REDWOOD SHORES, Calif. – Business software maker Oracle Corp. (ORCL) beat out German rival SAP AG in its bid to buy Retek Inc. (RETK), reaching an agreement to purchase the retail software maker for about $670 million, Oracle said Tuesday.
Redwood Shores-based Oracle said in a news release that its offer of $11.25 per share was accepted and that SAP dropped out of the bidding. Retek shares, which had risen above the agreed price amid the bidding contest, fell 2 percent in the wake of the announcement.
"Oracle has the largest applications business in North America and we intend to expand that leadership position," Oracle CEO Larry Ellison (search) said in a statement. "Combining Oracle with Retek is an important step in that direction, and it strengthens our position in the retail applications market globally."
In Germany, SAP characterized itself as "a disciplined investor" that chose not to increase its bid.
"We concluded that neither our shareholders nor retail customers would benefit from an auction process that would further inflate the purchase price, and in the long run, not deliver the returns we demand," SAP chief executive Henning Kagermann said in a statement.
SAP thought it had reached a deal to buy Minneapolis-based Retek for $8.50 per share late last month before Oracle topped the offer, starting a bidding war.
"We believe that Oracle's offer is a good deal for Retek stockholders, and all directors in attendance at our board meeting have recommended that it be accepted," said Marty Leestma, President and Chief Executive Officer of Retek. "We will work with Oracle over the next several weeks to ensure that the integration is not disruptive for our clients and employees."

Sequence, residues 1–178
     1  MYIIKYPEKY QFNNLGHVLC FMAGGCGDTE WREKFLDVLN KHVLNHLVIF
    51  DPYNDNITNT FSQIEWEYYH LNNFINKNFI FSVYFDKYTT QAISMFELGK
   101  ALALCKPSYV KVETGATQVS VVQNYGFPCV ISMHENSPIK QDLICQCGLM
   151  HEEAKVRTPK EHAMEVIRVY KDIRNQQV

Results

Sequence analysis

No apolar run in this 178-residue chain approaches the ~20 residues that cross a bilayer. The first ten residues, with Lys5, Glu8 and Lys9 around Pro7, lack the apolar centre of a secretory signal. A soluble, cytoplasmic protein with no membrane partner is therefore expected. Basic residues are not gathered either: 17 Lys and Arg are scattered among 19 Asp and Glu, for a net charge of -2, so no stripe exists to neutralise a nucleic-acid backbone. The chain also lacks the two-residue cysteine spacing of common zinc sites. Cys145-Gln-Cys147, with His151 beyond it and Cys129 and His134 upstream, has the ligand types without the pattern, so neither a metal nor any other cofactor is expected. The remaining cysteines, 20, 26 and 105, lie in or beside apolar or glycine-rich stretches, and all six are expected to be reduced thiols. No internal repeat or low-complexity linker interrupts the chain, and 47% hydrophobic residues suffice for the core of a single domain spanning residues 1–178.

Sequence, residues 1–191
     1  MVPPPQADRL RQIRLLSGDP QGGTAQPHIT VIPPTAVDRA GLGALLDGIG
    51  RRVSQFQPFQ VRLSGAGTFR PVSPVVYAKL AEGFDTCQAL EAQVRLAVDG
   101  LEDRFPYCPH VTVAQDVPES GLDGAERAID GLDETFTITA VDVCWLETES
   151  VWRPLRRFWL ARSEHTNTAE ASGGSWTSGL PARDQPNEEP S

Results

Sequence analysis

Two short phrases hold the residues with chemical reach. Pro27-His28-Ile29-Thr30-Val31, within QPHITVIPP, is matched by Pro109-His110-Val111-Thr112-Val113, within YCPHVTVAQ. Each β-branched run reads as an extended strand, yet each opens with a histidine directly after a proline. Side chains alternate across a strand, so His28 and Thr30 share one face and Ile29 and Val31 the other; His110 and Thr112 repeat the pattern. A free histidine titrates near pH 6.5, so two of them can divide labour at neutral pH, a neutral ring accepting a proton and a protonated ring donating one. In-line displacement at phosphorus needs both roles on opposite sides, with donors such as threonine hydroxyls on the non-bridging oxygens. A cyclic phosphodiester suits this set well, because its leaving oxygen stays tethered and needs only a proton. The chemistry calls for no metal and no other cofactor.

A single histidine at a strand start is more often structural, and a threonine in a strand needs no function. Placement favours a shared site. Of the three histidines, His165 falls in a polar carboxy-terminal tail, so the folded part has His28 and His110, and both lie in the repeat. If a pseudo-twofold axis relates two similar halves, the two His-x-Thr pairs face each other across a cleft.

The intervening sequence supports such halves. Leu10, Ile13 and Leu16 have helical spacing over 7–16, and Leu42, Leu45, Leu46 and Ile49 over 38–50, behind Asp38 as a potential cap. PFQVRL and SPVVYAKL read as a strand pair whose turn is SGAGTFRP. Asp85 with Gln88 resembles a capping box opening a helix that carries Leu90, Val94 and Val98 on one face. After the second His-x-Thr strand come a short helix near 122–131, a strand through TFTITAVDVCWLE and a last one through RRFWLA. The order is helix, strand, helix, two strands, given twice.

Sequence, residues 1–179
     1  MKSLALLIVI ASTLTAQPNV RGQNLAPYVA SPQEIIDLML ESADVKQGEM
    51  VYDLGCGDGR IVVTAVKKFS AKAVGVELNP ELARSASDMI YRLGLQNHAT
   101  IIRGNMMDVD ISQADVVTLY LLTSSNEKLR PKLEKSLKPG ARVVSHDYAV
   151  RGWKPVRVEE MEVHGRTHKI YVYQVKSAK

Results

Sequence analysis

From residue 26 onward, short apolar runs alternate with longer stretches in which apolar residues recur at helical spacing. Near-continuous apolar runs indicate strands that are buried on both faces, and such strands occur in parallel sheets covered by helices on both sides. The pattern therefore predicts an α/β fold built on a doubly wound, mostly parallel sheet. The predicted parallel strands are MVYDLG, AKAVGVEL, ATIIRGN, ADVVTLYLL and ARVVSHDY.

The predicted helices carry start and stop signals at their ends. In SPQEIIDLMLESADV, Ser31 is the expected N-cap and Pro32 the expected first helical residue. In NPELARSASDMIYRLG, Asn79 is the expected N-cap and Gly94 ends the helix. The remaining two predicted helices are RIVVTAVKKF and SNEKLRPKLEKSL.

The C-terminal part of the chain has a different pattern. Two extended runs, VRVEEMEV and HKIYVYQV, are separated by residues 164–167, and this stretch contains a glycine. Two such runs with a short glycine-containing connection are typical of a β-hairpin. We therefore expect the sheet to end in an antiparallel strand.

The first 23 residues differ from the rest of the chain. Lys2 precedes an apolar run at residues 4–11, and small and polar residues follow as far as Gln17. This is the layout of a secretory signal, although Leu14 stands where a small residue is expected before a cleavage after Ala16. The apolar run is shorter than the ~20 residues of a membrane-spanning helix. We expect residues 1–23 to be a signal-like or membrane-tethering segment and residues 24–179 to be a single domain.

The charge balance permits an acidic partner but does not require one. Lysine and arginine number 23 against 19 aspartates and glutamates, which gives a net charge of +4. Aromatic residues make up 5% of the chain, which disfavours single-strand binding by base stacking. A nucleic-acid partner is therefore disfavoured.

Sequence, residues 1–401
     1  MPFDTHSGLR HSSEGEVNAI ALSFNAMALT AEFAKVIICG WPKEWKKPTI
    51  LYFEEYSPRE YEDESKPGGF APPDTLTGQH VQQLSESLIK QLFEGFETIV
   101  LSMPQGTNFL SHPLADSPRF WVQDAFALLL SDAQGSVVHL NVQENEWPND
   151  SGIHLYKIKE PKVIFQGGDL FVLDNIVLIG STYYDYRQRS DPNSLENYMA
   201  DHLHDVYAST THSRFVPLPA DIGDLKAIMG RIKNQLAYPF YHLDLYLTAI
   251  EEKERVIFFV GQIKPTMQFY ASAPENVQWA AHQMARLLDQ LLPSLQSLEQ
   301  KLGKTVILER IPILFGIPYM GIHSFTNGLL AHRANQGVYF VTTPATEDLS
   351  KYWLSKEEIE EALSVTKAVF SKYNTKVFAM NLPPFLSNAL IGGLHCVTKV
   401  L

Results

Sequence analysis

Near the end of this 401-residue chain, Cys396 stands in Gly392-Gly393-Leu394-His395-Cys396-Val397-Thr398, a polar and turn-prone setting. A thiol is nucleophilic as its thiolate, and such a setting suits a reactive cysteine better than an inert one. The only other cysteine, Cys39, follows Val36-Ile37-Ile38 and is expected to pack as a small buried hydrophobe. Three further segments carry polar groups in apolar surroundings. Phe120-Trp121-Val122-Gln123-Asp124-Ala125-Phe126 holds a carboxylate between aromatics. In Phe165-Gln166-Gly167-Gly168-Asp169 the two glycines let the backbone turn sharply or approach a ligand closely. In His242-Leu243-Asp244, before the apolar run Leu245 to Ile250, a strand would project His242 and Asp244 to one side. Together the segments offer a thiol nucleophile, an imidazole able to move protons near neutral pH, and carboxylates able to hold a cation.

Kagermann said SAP would use the deal's termination fee of $25 million to develop its own retail software platform.
"I think it is fair for our customers as well as our shareholders to invest that money in further developing our own software platform," Kagermann said during a conference call.
Kagermann also sought to dismiss suggestions that the Retek battle was a prelude to a larger-scale fight with Oracle.
"I don't think there is a battle," he said.
The gamesmanship pitted the world's two leading makers of business applications software — the computer coding that automates a wide range of administrative tasks. SAP has long been the industry leader, but Oracle closed the gap two months ago by buying PeopleSoft Inc. (search) for $10.3 billion after a heated battle that dragged on for 18 months.
With just $174 million in annual revenue and 525 employees, Retek is a niche player in the industry. Nevertheless, the company holds tremendous appeal for both SAP and Oracle because its 200 customers are retailers — a group that hasn't bought as much business applications software as many other industries.
"Most Retek customers already run Oracle's financial and human resources applications, so Oracle buying Retek is a perfect fit for the retail industry," said Retek customer and Best Buy CIO, Bob Willet.
Retek's shares fell 27 cents, or 2.4 percrent, to $11.19 on the Nasdaq Stock Market. Oracle shares fell 7 cents to $12.58 on the Nasdaq.
SAP shares were trading steady at 120.03 euros ($158.10) on the Frankfurt exchange.